Increase in epidermal growth factor receptor and its mRNA levels by parathyroid hormone (1-34) and parathyroid hormone-related protein (1-34) during differentiation of human trophoblast cells in culture.

Research paper by E E Alsat, J J Haziza, M L ML Scippo, F F Frankenne, D D Evain-Brion

Indexed on: 01 Sep '93Published on: 01 Sep '93Published in: Journal of Cellular Biochemistry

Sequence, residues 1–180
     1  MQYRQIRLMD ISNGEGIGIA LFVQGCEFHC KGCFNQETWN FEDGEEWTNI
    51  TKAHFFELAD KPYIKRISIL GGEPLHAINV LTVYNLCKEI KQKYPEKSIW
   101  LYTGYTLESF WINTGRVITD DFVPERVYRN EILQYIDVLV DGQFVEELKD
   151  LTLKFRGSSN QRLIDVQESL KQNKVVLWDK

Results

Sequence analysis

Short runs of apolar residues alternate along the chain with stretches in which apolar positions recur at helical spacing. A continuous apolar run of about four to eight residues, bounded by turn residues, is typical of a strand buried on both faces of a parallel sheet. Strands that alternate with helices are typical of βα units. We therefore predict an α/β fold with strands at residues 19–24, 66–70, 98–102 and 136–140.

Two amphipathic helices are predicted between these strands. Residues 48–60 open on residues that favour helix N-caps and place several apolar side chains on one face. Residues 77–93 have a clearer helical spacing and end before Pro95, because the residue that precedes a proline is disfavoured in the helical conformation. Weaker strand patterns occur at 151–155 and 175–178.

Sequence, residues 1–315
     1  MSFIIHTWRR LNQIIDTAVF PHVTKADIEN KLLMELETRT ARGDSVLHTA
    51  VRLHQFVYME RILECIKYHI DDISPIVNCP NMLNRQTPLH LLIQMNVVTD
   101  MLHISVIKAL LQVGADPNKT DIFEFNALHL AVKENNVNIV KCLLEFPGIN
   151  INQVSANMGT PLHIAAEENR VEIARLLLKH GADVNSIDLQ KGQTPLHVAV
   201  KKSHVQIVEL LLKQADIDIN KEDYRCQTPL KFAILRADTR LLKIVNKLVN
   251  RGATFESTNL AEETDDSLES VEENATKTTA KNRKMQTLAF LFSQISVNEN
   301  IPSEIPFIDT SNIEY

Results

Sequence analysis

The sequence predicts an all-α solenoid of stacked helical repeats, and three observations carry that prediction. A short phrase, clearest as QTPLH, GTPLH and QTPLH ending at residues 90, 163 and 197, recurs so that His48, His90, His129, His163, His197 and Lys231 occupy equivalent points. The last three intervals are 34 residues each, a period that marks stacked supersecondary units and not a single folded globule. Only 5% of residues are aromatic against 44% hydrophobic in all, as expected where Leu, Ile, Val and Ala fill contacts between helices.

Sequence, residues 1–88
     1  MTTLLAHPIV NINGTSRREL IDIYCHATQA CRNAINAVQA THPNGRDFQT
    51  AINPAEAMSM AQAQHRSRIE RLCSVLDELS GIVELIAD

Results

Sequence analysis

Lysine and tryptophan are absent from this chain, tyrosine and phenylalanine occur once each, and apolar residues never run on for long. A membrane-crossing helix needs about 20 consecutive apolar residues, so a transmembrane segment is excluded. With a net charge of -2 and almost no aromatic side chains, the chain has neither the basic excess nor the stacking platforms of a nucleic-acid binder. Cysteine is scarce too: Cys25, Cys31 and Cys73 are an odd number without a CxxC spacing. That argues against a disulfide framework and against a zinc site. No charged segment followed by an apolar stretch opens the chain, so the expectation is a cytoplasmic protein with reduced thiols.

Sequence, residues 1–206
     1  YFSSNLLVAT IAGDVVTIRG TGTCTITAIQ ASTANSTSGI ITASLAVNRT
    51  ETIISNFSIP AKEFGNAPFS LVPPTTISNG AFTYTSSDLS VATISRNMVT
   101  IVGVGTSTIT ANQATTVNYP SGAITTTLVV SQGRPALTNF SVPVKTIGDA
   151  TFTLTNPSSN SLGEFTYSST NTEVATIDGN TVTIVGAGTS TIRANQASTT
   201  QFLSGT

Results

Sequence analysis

Human cytotrophoblasts in culture aggregate and fuse to form syncytiotrophoblasts. This process is associated with an increase in epidermal growth factor receptor (EGFR) expression [Alsat et al.: J Cell Physiol 154:122-128, 1993]. Recent studies have demonstrated the presence of parathyroid hormone-related protein (PTHrP) in the human uterus and placenta. This led us to study the effect of PTH (1-34) and PTHrP (1-34) on the expression of EGFR during this differentiation process. Both peptides induced a concentration-dependent increase in EGF binding, with a maximal effect at the physiological concentration of 1 nM. EGFR protein level assessed by cross-linking and immunoblotting and EGFR biological activity assessed by measuring its EGF-induced autophosphorylation were increased 2- and 2.5-fold, respectively, when cells were treated for 24 h with 0.1 microM PTHrP or PTH compared to control cells. This effect was time-dependent with a maximum at 3 h of treatment. This treatment also increased trophoblast cell EGFR mRNA levels, suggesting transcriptional regulation of the EGFR. To ascertain whether activation of protein kinase C (PKC) or protein kinase A (PKA) is involved in this PTH effect, we determined EGFR protein level and EGFR autophosphorylation after exposure of cells to PKA inhibitor and PKC inhibitor, alone or together with the peptide. The presence of a PKC inhibitor blocked a further increase in EGFR number by PTH, while PKA inhibitor had no effect. These results show that PTH and PTHrP increase the synthesis of EGF receptors which are strongly expressed in syncytiotrophoblasts and suggested that these peptides might be involved in human placental development.